ALBUQUERQUE, N.M. (KRQE) – The Albuquerque man who spent decades behind bars for murdering his parents as a teen wants out of jail, but this time it’s for kidnapping and beating another man in a new case.
Mitchell Overhand’s attorney, George Harrison, said he has proof the alleged victim in the case is a liar.
On August 25, 2017, District Court Judge Christina Argyres ruled Overhand would remain in jail on no bond.
Just last week, Harrison filed a “motion to vacate” the judge’s decision to keep Overhand behind bars with no bond until his trial. He’s asking the court to “re-open the detention hearing and set conditions of release.”
Overhand is one of three people accused of kidnapping and torturing a man back in August.
Police arrested Overhand, Chase Smotherman and Chase’s 19-year-old girlfriend, Mariah Ferry, for beating the man at Chase’s home in the West Gate area with a bat and a stick.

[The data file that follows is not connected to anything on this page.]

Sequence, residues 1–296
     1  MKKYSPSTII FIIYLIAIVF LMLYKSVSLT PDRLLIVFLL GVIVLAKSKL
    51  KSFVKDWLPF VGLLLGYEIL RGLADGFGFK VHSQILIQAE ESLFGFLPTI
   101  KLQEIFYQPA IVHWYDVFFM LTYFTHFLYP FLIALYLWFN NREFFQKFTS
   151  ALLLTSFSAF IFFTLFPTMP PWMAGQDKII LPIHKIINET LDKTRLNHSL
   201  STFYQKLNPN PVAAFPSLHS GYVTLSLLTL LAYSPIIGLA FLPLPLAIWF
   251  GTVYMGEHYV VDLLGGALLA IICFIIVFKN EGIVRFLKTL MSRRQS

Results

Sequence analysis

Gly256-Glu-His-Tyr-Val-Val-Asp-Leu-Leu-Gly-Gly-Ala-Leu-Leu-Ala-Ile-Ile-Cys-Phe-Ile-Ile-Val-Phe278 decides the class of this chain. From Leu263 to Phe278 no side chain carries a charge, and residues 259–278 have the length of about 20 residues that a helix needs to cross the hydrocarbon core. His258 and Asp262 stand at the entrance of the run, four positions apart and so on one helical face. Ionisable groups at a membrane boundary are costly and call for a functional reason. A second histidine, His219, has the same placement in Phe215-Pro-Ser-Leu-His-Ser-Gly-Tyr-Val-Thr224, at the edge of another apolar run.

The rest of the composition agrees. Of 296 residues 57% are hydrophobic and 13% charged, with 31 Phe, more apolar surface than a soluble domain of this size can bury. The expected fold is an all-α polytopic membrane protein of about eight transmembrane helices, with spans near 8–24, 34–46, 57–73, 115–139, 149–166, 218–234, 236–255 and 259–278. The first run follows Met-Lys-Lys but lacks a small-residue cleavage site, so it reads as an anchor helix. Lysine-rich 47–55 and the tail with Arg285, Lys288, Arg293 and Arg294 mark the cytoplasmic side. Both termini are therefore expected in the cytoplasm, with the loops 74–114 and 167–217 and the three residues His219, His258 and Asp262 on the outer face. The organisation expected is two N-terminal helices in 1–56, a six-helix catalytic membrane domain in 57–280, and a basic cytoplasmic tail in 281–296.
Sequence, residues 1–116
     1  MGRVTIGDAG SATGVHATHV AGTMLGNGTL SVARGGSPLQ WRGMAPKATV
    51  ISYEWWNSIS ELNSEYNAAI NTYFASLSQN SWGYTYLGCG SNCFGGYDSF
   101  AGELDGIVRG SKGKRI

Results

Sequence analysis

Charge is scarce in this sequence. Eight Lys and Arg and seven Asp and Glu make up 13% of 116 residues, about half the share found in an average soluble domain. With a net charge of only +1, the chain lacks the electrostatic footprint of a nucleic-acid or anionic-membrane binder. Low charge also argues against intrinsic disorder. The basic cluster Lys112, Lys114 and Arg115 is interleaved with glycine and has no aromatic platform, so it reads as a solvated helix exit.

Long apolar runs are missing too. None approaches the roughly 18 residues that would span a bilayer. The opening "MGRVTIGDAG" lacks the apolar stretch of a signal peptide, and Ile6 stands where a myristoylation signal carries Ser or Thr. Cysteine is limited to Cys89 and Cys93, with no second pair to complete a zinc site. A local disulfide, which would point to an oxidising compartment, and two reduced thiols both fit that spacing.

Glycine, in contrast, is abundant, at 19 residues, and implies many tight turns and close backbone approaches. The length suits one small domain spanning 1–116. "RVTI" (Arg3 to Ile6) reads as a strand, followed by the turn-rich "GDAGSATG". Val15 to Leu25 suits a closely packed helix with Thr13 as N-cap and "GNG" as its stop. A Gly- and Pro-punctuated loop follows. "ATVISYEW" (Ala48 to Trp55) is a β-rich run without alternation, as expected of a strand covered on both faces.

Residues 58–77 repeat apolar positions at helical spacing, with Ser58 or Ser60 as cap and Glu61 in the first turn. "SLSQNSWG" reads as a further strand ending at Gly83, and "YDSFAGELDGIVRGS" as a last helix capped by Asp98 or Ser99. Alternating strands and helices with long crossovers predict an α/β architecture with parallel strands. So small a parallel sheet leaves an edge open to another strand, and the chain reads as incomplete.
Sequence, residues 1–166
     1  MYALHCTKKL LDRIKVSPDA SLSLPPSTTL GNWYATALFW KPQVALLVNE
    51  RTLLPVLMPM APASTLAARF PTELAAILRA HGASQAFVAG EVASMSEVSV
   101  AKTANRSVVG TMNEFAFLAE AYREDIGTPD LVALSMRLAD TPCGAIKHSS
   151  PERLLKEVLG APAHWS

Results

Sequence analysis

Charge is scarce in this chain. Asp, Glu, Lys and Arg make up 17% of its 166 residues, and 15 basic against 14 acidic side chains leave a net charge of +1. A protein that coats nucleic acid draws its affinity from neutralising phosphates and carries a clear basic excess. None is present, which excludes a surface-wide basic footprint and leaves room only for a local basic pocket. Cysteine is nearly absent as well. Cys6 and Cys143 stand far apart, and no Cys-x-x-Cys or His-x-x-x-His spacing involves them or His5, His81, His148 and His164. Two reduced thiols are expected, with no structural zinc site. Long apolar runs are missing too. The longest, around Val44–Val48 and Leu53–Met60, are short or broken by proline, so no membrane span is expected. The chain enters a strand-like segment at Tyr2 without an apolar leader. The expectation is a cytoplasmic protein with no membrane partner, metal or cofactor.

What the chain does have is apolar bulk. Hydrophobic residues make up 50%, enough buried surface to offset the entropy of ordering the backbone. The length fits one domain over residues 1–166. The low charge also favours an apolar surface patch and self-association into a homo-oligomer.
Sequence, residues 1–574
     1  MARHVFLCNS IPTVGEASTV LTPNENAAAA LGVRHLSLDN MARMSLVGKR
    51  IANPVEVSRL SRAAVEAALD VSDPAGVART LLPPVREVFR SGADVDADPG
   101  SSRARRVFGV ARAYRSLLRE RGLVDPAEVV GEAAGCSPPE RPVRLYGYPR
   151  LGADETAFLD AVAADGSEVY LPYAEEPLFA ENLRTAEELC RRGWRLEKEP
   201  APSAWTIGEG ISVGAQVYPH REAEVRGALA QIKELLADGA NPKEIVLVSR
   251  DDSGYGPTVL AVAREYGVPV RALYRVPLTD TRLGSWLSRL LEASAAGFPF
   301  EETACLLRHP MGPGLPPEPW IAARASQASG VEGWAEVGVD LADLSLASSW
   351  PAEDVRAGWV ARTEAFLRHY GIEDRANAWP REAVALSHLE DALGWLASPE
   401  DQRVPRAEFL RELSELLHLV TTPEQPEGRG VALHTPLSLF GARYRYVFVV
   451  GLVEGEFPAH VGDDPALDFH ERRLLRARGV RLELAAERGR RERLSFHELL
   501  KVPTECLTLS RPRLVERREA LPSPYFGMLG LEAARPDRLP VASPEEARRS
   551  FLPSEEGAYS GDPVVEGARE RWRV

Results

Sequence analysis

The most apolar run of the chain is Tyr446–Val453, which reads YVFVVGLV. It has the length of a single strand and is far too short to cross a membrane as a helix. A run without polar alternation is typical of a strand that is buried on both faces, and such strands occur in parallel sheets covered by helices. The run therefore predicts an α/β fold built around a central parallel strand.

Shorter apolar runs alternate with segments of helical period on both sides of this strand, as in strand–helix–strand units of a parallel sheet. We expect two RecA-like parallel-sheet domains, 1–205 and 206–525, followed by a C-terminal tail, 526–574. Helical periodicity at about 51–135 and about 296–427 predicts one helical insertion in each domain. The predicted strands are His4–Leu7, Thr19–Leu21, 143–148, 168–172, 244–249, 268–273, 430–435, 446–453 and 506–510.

The victim told police his attackers forced him to look at a computer screen with a picture of his best friend, John Soyka, who appeared to be dead and sexually mutilated.
The victim said it was about drug money which he knew nothing about and after four hours of telling his attackers that, the victim told police that Overhand believed him and let him go.
However, Harrison said he’s obtained medical records that show the alleged kidnapping victim “contradicted his claims.”
In the motion, Harrison states the victim claims the incident occurred between August 8 and August 9, but that he did not report it to police until August 12.
According to Harrison, records show the alleged victim went to the hospital the same day he claims Overhand and the other two suspects let him go but told medical staff he was “injured six days earlier” during a “robbery.”
Harrison said the man never mentioned to anyone at the emergency room that he was beaten by a group of people.
Harrison also states in the motion that the alleged victim “also visited and called Mr. Overhand after the alleged incident before making the police report.”
The state responded with its own motion to Harrison’s request to vacate the pre-trial detention order.
Prosecutors claim, “all of these sources of information relate to the facts of the case, however, the order indicates that the defendant’s double homicide in cause his new charges for possession of a weapon by an inmate and his unsatisfactory discharge from probation.”